Running column: What’s next as Mark Armstrong slowly emerges from the newborn haze?
Running columnist Mark Armstrong is emerging from his sleep deprived state and is starting to think about his next running goals
So running and newborn babies don’t really mix it seems.
I’ve had to dial back the training recently since the arrival of my son, Logan, and it’s taken a while for the chaotic nature of having a newborn to settle down.
However, there are signs that my wife, Alison, and I might be able to emerge from our sleep deprived cave and find our new normal – whatever that is. I even had time to have a shave this week…
The intervening period hasn’t been great from a training perspective – the odd half hour stolen here and there when the kids are in bed.
My running had lost a bit of direction but was merely about trying to keep my legs ticking over so that when I did get the chance to resume a proper training programme it wouldn’t be too much of a shock to the system.
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However, I should also admit that the diet hasn’t exactly been that of an elite athlete either recently.
The internet is awash with recipes that ‘take less than 15 minutes to cook’. Apparently you can make a healthy, nutritious meal in the time it takes to get halfway through an episode of Hollyoaks.
Of course, that’s true, but for the past few weeks whacking something in the oven or microwave is about as adventurous it has got in a culinary sense in the Armstrong household.
We generally eat quite healthily usually, apart from the odd takeaway, and recognise the benefits doing that can have on our training. However, that’s had to go out the window recently – convenience has been king.
But as I said, with the help of grandparents, it’s started to settle down allowing me to take stock of where my fitness is.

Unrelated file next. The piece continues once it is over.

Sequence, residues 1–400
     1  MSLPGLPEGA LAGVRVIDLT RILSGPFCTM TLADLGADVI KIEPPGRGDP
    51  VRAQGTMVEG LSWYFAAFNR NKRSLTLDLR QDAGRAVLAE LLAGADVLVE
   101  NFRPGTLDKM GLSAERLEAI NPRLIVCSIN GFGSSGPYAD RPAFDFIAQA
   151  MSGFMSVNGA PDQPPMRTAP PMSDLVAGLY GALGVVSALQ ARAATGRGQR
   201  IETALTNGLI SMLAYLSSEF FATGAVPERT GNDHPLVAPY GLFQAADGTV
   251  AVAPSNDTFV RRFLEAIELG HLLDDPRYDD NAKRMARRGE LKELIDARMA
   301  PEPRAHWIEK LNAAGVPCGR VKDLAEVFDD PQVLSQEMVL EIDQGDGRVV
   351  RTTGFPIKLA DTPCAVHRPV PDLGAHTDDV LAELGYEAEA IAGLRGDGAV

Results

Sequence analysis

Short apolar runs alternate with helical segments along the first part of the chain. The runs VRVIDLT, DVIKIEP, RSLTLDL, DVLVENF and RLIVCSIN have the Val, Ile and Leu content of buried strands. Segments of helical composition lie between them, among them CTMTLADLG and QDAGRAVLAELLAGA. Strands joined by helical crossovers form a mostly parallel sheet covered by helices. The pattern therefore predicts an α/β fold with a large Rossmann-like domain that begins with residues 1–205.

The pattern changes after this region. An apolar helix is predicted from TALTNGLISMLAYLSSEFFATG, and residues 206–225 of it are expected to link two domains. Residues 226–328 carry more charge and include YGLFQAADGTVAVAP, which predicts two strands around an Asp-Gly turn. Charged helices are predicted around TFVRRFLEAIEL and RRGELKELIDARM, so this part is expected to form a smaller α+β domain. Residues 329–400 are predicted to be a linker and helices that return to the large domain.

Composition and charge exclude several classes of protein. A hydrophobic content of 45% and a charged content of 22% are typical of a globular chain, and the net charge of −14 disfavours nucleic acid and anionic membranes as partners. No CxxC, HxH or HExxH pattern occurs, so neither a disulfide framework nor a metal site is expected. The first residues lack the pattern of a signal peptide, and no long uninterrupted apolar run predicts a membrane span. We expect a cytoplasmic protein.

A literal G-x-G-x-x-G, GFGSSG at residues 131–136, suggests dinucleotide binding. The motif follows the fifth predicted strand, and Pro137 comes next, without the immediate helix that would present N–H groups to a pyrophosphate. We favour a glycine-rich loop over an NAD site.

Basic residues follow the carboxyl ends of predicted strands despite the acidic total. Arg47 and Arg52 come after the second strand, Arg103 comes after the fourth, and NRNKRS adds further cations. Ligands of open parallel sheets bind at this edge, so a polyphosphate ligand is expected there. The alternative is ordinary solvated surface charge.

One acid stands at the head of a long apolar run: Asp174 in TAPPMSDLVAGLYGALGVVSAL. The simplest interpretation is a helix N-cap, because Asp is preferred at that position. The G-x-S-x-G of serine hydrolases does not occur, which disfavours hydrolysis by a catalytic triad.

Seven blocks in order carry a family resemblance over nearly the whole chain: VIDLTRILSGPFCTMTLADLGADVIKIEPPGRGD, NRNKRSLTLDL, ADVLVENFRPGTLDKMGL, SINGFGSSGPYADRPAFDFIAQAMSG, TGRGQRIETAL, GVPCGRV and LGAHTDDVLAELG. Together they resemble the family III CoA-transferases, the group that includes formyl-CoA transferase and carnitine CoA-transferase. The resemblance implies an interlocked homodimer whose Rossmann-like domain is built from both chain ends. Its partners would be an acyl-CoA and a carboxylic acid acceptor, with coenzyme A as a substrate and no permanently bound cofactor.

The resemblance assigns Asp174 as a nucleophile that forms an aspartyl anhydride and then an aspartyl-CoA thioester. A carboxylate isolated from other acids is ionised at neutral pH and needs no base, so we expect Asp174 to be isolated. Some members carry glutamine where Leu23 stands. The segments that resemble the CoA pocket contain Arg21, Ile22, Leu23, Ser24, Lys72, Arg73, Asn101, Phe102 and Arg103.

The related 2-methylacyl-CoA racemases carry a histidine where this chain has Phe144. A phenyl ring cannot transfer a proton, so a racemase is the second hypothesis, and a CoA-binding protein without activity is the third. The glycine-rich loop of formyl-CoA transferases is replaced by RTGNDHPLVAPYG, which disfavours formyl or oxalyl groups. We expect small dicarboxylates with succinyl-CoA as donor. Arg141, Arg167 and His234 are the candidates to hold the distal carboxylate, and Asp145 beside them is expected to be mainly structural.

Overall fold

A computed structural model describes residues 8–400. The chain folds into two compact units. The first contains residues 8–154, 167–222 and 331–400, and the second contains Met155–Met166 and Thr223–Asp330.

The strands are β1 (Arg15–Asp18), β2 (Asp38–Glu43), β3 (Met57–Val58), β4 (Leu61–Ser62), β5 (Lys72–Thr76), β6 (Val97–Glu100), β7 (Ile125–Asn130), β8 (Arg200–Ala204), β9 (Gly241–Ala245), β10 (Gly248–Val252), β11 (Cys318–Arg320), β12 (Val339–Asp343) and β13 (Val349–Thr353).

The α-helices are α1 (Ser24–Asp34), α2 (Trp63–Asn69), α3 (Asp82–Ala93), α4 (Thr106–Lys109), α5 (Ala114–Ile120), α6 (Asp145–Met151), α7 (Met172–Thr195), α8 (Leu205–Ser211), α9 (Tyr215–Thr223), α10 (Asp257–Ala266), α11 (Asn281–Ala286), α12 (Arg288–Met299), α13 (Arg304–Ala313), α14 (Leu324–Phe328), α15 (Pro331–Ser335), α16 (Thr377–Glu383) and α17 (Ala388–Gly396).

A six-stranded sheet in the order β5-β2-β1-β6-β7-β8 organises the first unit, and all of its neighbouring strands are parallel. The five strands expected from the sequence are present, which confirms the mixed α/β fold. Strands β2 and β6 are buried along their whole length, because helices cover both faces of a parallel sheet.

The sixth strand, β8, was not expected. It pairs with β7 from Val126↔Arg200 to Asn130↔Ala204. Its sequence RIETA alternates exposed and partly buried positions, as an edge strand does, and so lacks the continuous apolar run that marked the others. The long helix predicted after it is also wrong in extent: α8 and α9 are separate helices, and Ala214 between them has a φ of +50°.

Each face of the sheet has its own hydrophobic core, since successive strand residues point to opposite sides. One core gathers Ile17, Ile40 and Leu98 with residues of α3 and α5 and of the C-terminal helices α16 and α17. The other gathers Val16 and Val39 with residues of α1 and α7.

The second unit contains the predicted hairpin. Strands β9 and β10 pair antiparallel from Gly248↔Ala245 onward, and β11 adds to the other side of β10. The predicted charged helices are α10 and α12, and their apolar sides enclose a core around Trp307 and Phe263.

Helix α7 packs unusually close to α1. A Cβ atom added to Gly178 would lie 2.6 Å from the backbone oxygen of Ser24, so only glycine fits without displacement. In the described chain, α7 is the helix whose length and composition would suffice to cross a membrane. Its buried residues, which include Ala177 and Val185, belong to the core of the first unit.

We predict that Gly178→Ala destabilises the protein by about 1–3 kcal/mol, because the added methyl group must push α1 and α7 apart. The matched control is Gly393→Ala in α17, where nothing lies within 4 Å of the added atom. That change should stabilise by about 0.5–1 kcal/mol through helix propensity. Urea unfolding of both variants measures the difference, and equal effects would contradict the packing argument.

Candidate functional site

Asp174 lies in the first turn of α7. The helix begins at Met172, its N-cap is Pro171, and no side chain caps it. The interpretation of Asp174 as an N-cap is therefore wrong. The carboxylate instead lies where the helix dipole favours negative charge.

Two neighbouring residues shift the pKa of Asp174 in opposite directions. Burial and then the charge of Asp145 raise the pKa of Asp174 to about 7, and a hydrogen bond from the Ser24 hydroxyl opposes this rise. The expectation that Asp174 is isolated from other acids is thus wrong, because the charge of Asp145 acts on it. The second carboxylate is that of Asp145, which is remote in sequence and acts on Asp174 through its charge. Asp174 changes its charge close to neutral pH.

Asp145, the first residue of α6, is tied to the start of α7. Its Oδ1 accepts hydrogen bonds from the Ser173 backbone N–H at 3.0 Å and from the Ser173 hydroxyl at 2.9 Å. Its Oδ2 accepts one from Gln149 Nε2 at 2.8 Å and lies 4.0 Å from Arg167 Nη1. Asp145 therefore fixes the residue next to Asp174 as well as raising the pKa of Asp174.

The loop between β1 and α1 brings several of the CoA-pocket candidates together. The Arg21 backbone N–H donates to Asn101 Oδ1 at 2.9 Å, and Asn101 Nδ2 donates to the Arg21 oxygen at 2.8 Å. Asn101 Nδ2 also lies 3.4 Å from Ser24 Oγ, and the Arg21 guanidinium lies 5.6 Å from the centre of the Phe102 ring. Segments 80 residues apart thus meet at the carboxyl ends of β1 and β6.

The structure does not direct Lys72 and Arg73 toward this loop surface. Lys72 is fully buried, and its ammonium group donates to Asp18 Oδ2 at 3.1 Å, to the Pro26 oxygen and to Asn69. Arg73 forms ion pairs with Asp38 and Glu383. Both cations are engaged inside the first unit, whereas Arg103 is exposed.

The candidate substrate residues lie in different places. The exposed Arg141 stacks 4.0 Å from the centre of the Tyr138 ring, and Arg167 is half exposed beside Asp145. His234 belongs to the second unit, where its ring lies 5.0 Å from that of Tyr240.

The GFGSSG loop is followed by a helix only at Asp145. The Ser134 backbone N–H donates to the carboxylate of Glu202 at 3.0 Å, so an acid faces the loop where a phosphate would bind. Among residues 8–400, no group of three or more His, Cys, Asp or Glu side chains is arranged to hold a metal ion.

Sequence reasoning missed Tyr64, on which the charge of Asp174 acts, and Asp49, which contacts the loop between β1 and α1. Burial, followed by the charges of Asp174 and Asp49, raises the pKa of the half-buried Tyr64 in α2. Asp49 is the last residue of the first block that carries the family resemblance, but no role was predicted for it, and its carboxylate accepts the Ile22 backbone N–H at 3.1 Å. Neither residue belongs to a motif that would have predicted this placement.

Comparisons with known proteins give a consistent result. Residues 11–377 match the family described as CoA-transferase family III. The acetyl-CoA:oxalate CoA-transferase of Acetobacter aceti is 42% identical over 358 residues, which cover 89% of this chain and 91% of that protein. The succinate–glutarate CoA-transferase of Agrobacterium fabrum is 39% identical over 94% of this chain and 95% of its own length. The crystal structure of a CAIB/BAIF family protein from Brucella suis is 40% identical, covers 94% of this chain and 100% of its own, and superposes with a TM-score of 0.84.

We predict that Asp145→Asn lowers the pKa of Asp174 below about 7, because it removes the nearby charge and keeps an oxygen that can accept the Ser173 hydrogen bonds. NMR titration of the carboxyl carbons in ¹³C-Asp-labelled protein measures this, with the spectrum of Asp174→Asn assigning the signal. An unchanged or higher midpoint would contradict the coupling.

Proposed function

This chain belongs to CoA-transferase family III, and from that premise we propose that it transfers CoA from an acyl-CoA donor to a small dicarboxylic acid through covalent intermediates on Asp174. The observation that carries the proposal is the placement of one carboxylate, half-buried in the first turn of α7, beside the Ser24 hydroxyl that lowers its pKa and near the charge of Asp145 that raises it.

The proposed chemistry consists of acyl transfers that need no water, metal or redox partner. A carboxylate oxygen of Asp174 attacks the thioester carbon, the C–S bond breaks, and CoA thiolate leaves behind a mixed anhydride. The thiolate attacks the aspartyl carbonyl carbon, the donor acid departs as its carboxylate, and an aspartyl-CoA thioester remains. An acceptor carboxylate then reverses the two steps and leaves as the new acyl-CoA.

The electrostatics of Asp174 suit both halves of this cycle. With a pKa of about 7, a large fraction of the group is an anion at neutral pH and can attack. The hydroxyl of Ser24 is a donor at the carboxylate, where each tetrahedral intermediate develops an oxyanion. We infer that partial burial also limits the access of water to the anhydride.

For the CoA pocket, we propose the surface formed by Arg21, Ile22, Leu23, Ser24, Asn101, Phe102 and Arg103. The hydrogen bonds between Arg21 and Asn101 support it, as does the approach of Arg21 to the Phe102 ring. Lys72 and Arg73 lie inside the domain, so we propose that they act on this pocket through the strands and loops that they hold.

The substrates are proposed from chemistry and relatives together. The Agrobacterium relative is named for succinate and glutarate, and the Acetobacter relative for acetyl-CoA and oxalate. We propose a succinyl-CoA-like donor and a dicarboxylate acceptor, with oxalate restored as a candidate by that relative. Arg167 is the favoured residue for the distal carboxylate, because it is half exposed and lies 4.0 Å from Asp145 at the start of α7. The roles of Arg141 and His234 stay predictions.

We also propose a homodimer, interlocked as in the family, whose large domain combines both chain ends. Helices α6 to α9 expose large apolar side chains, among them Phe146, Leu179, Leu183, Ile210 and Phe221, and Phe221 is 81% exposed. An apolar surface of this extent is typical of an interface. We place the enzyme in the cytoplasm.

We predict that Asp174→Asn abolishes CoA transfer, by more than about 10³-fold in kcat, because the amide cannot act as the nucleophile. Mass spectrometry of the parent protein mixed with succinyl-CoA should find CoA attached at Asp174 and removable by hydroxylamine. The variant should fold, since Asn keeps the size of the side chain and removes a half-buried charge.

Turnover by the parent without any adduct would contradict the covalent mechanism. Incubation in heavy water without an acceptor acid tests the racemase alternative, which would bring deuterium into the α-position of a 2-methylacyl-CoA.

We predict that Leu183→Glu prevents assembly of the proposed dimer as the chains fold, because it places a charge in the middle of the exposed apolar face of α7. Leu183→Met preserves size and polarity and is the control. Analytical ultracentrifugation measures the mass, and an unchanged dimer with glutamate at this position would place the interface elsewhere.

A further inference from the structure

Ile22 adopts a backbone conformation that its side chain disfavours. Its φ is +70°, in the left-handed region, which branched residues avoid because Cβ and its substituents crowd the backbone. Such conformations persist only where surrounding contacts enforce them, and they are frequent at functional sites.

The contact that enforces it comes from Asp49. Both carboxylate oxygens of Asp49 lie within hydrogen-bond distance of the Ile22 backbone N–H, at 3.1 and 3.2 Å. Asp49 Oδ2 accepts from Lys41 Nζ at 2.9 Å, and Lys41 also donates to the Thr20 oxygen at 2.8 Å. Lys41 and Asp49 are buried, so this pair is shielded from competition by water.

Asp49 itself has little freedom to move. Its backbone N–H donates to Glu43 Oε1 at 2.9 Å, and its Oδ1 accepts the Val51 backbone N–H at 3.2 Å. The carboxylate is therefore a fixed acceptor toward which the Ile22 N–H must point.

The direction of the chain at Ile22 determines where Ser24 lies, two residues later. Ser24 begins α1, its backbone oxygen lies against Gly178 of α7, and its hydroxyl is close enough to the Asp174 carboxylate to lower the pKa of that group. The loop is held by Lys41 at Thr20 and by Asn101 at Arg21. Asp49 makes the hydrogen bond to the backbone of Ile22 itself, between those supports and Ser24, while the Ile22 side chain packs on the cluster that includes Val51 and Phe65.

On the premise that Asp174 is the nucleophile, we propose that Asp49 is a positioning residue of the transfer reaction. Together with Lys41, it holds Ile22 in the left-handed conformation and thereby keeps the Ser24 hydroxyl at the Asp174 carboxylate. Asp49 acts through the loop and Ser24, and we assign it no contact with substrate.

Mentally, I didn’t feel good due to the weeks of relative inactivity and I worried physically what impact that had had.
Rather than waste too much time fretting I decided at the last minute to enter myself in to the Dereham 10 miler on Sunday.
It was certainly a new experience merely racing without a specific time in mind and at a distance I’ve never raced before. But more importantly it allowed me to see what I’m capable of at the moment, which I could then feed back to Neil Featherby, who will devise me a programme.
My strategy at the Colchester Half Marathon at the end of March, when I was probably at my peak fitness this year, was to run at 7:30 minutes per mile.
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It was a pace that I had got used to running for several months and when the race started on Sunday my legs naturally adopted that pace. However, whether I was going to be able to keep that up for 10 miles after not exactly living the life of a runner was open to question.
The early stages felt really good, and there was a nice atmosphere amongst a really decent field of club runners.
Running at 7:30 pace meant I was going for around a 1:15 finish and once I got to seven miles, going under this time was very much on.
However, miles eight and nine felt particularly tough with a couple of steady hills thrown in that sapped my energy. I had enough in my legs to mount a strong finish and come in, in 1-15:28.
So it appears I’ve lost a bit of endurance but most of the pace built up at the start of the year is there, which is a bit of relief.
I can work with that as I’m targeting a few shorter races over the summer months, which will hopefully set up another decent half marathon in the autumn.
That’s the plan anyway, but if the last few weeks have taught me anything it’s that you have to be flexible in your approach.
Family first, running second – let’s see where it takes me the rest of the year.
n Well done to Dereham Runners AC for organising an excellent event last weekend and I’m already looking forward to racing in it again next year.
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